China has slipped from the world’s third-biggest international aviation market to 25th as international capacity has continued to fall due to the coronavirus crisis.
A new analysis by routes expert OAG says the latest data from the week starting February 17 showed a further fall in international capacity of 270,000 seats.
OAG said this bought the overall capacity reduction since January 20 to about 1.7 million seats, a reduction of about 80 percent, and left China’s international market ranking just behind Portugal and slightly ahead of Vietnam.
The OAG analysis found Japan, Thailand and Taipei were the biggest losers week over week with scheduled seats from Japan down 36 percent compared to a week earlier.
China’s domestic network had also been hit hard.
“Whilst the adjustments in international capacity are of interest and probably receive a greater share of attention, the domestic Chinese market will see some 10.4 million fewer seats operated than the week of the 20th January,’’ OAG’s John Grant said in his blog.
“Placing that in context, for every one international seat lost some six domestic seats have been removed from the market.
“And taking just one example, China Eastern Airlines will operate over 1.9 million fewer seats than five weeks ago; somewhere close to 271,000 fewer seats a day.”
Grant identified China Eastern and China Southern as the most heavily affected by the virus from an international perspective, with both airlines reducing capacity by more than 200,000 seats a week.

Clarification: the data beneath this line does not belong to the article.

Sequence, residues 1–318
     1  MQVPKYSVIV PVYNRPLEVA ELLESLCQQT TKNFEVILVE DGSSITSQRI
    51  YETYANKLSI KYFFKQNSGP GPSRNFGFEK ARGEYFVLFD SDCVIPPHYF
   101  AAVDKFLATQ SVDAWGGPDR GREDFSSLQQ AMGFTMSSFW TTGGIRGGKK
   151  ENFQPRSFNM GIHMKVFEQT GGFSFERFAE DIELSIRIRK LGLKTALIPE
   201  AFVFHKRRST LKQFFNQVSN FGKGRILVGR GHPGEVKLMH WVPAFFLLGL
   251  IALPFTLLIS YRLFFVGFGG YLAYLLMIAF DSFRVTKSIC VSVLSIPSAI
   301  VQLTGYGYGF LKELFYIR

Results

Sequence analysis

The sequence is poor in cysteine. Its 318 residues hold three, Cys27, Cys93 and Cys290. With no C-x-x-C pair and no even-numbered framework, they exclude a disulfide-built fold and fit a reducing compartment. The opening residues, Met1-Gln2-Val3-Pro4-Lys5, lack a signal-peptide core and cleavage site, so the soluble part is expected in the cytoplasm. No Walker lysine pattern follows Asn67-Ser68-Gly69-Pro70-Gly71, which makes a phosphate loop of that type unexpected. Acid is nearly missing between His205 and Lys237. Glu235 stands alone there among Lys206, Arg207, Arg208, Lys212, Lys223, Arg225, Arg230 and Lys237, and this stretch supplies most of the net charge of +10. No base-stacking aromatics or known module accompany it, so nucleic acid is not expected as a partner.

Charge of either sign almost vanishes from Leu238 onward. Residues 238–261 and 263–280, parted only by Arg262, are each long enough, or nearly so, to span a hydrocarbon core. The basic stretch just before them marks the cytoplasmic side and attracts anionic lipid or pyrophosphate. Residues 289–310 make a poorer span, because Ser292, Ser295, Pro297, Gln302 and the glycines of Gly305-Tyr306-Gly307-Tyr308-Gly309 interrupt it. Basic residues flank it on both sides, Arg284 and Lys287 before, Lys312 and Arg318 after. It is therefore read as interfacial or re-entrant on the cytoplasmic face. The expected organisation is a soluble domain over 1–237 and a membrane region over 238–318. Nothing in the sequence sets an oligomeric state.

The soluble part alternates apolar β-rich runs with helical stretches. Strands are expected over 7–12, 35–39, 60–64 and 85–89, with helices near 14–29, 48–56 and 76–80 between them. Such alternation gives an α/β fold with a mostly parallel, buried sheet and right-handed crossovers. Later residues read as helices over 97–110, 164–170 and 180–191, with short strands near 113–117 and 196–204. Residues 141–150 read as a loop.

“Placing that in context, China Southern now operates some 800 more international seats a week than Air Astana and China Eastern (is) just ahead of Tunis Air in a global ranking in 113th place,’’ he said.
Although there was an expectation domestic capacity would bounce back, Grant said this more accurately reflected the daily management of the situation by locally-based airlines and OAG expected further capacity cuts this week.
A more pragmatic approach by overseas airlines had seen them take Chinese services out of their services until March.
“No event that we remember has had such a devasting effect on capacity as Coronavirus,’’ he said, noting this highlighted the importance of the Chinese market to aviation.
“Ultimately the market will recover we know that, but in the short term the damage to some airlines and the long-term impact on their growth may linger beyond the virus.”